Besides political backgrounds, arguably the most off-putting factor is the way that Nick Clegg, David Cameron, Ed Miliband and even Nigel Farage literally look and sound the same: well spoken, well dressed, men aged 40-50, university-educated, with roughly the same haircuts, waistlines and heights. The language of politics doesn’t help this as it takes a somewhat alien and certainly stale form. You could easily mistake current political language for pre-agreed media lines thus the majority of young people and particularly voters see politicians as self-serving and no longer in touch with society. However, they do still regard politics to be important, if only it were more open.
As I have learned, all these factors combined, and more, have contributed to the decline of political interest among potential voters, much to the embarrassment of politics. Looking back, electoral turnout in the UK has been on a downward trend since 1950, when 84 per cent of the population turned out to vote, compared to 65 per cent in the last general election in 2010 – and only 44 per cent of those aged 18-24. Membership with political parties is fast becoming a thing of the past as they have plummeted since the 1950s. The Conservative party for example, has gone from 3 million to 100,000 members over the last six decades.
Russell Brand says that we are on the verge of a revolution? I can’t say I agree entirely, but perhaps he makes a good point when looking at the way politics is being done: especially party politics.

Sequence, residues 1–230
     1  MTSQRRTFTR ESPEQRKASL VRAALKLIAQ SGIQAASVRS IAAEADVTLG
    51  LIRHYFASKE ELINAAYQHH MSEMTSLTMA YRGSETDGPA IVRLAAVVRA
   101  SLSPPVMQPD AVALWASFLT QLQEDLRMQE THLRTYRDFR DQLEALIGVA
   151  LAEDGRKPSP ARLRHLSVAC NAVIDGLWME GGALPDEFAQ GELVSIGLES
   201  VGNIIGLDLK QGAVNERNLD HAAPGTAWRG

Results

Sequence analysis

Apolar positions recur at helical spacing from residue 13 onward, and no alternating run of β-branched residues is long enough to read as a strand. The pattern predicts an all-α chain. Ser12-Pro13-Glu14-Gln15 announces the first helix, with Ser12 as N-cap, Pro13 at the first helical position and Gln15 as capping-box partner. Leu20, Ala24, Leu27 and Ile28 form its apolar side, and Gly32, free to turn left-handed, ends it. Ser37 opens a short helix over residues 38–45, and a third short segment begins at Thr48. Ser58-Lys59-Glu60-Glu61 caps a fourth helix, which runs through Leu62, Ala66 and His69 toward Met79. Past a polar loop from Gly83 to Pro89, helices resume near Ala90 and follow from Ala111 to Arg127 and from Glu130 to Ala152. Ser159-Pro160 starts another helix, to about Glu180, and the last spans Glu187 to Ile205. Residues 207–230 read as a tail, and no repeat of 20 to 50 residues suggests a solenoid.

Wanting to break away from the repetitive clones of politics, more and more people are turning to non-mainstream parties. Perhaps that explains Farage’s sudden success.
I agree completely that politics is no longer passionate or engaging in the way it used to be, but I can’t agree with Brand or anyone who refuses to vote. Brand’s belief that there is no point, and that voting merely legitimises a system that doesn’t work is, in my view, a completely uneducated move. Brand fails to remember the thousands of people who died to give us ordinary people the right to vote. The Peterloo Massacre and the Suffragettes movement come to mind. These groups knew that voting wasn’t just about choosing the victor yourself. It was about creating a system where representatives knew they might be removed from their position next time around, which is a powerful incentive to behave and listen. It acts as a background threat, keeping the elected relatively honest.
Again, I agree that the choices seem remarkably limited at the moment, but if Brand and others like him were to give voting a try, even once, they will be pleasantly surprised by the array of candidates on offer to suit all kinds of political beliefs. And if you don’t like what is on offer, you can even stand for election yourself, and if enough people agree with you, change the system yourself.
A simple ‘X’ on your ballot paper may not seem like much: but it reminds politicians that you care, that you are watching them, and when things are bad enough, that you present an alternative yourself.